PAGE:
OBR-Bay: Defending the Biotech Birthright
- Thursday, 7th February 2013
- 1 Comment
The San Francisco Bay Area is the birthplace of biotechnology, or so declares a Genentech-sponsored road sign in South San Francisco. Trail blazed in 1973 through the discovery of recombinant DNA technology by Stanley Cohen of Stanford University and Herbert Boyer of the University of California at San Francisco (UCSF), the area retains its bragging rights as the oldest and largest biomedical cluster in California and the world.
The original cross-fertilization between Cohen, Boyer, and the commercial sector captures the requisite parameters for nurturing a spawning ground for biotech companies – collaborative university research, a bustling entrepreneurial climate, and a mature venture capital (VC) community. These parameters triangulate strategically in the SF Bay Area, and have given birth to industry giants like Genentech and more than 200 other early-stage companies.
Unlike most high-tech sectors, the biotech industry attributes its inception and continued survival to the collective wisdom shared between companies and academic institutions. The Bay area hosts a prestigious constellation of biomedical research universities including UCSF, UC Berkeley, and Stanford. In 2012, this triad amassed $954 million National Institute of Health (NIH) funding and $464 million California Institute of Regenerative Medicine (CIRM) funding, representing 29% and 27% of the California-wide totals, respectively.
Grassroots efforts at synergizing interdisciplinary collaborations have flourished for over a decade, with the establishment of Bio-X at Stanford in 1998 and the California Institute for Qualitative Biosciences (QB3) linking UC Berkeley, UCSF, and UC Santa Cruz labs in 2000. In the realm of regenerative medicine, rival schools UC Berkeley and Stanford buried their proverbial football hatchet and join forces in the Siebel Stem Cell Institute, a consortium built in 2008 to catalyze new therapies for degenerative diseases. The Bay Area truly is a fertile petri dish for attracting and breeding a formidable biomedical and biotech research force.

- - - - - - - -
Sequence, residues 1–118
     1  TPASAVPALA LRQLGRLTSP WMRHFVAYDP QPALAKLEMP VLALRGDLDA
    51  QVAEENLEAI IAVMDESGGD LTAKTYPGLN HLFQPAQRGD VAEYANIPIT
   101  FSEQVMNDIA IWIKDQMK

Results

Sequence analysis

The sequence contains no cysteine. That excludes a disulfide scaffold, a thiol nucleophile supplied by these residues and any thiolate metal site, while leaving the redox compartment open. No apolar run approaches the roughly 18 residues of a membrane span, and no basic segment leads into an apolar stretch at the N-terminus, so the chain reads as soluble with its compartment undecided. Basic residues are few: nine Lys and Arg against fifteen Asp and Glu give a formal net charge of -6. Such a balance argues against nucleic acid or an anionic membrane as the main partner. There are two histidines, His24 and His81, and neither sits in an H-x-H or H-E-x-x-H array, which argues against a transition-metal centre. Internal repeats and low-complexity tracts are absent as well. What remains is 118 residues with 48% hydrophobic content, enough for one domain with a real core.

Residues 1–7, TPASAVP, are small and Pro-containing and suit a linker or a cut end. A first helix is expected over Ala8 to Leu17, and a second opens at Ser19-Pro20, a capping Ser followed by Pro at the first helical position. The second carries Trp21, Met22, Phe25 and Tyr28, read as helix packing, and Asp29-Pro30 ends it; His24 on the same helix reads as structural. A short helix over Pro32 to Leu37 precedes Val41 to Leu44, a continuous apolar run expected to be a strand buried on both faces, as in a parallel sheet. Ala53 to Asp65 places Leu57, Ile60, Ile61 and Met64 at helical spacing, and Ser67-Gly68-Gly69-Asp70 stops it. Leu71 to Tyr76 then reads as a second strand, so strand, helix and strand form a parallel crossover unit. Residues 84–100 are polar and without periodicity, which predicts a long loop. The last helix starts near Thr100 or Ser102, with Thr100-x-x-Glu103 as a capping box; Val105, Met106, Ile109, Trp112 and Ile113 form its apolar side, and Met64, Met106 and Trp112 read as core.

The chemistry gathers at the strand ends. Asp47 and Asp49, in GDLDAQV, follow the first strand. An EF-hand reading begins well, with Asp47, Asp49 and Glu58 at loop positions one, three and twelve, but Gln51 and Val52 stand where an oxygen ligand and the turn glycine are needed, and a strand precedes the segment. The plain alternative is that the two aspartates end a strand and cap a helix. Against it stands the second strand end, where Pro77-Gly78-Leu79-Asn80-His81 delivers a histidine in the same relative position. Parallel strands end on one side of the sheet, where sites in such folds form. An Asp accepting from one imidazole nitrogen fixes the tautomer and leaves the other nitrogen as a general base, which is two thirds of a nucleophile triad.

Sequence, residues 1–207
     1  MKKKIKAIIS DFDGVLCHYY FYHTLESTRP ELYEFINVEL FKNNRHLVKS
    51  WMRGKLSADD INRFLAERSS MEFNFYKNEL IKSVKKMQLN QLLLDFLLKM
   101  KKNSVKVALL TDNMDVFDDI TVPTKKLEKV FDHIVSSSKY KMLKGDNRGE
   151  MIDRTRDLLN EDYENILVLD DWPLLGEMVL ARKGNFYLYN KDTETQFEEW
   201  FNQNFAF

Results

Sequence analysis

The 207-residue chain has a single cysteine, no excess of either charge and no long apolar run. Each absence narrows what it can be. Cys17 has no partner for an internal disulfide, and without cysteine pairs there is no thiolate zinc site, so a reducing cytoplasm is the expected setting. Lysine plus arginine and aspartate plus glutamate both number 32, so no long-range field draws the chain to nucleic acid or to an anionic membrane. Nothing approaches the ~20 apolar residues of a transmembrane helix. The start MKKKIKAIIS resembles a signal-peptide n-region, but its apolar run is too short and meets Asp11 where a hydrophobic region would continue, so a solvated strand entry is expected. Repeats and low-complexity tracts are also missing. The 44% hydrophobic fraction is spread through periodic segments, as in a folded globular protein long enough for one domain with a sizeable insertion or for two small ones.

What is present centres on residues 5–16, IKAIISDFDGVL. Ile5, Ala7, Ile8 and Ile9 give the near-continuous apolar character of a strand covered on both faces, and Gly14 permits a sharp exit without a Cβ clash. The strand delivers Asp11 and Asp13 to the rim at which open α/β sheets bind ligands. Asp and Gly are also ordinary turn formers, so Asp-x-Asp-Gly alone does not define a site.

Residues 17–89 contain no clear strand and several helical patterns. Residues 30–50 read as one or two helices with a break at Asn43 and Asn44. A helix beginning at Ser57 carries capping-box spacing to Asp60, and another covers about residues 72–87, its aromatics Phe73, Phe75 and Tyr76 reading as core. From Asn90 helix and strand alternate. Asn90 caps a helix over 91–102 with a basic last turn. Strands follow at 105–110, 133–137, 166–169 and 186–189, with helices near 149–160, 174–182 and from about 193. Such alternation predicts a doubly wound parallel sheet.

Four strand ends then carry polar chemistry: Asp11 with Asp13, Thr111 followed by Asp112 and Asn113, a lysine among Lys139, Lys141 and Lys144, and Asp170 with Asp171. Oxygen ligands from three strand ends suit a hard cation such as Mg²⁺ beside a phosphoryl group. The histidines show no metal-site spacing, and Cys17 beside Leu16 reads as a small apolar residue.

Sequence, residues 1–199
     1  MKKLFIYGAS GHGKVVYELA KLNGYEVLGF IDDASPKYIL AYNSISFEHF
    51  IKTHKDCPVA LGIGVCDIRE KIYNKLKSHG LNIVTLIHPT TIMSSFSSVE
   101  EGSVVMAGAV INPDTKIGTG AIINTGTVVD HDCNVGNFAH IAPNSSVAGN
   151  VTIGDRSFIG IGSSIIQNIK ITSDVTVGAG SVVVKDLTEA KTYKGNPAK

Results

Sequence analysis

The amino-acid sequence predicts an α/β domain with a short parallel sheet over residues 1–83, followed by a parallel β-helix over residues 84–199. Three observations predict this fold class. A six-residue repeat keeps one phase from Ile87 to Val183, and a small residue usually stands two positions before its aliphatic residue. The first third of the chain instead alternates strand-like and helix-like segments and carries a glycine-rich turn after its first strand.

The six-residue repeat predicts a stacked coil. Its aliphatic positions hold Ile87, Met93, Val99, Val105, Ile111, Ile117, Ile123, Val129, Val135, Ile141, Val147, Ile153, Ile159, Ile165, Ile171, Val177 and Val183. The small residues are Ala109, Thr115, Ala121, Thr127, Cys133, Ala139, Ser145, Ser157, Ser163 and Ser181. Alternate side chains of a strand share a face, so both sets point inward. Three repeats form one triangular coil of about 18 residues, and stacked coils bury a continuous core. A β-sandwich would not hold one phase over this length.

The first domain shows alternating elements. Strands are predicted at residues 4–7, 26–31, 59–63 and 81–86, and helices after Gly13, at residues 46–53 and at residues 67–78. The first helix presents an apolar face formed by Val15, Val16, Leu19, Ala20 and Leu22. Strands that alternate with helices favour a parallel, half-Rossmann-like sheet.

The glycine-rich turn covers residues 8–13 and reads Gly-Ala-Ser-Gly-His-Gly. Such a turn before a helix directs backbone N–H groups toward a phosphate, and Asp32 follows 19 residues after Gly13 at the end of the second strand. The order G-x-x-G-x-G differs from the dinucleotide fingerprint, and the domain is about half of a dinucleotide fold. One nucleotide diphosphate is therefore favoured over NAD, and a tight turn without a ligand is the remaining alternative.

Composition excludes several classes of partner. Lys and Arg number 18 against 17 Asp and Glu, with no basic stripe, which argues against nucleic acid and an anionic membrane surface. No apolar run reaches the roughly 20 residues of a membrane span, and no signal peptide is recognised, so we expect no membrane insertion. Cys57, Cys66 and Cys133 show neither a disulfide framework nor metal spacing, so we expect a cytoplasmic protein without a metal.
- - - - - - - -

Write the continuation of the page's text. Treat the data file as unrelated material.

Academic innovations around the bay are continually being siphoned into licensed programs or startup companies, thanks to the contagious entrepreneurial itch permeating the Silicon Valley. Avenues exist within universities that encourage commercial spinouts. The QB3 garage at UCSF and Berkeley, and StartX Med at Stanford are notable examples of incubators that provide lab spaces and mentor networks to aspiring student entrepreneurs. Since 2000, over 60 companies and $230 million in venture financing have nucleated through the QB3 network alone. Bio-innovations such as recombinant DNA, functional antibodies and fluorescence activated cell sorter have contributed to the bulk of Stanford’s $1.4B total royalty income. StartX Med, launched in the summer of 2012, now houses 11 young companies wishing to continue the tradition in a more formalized way.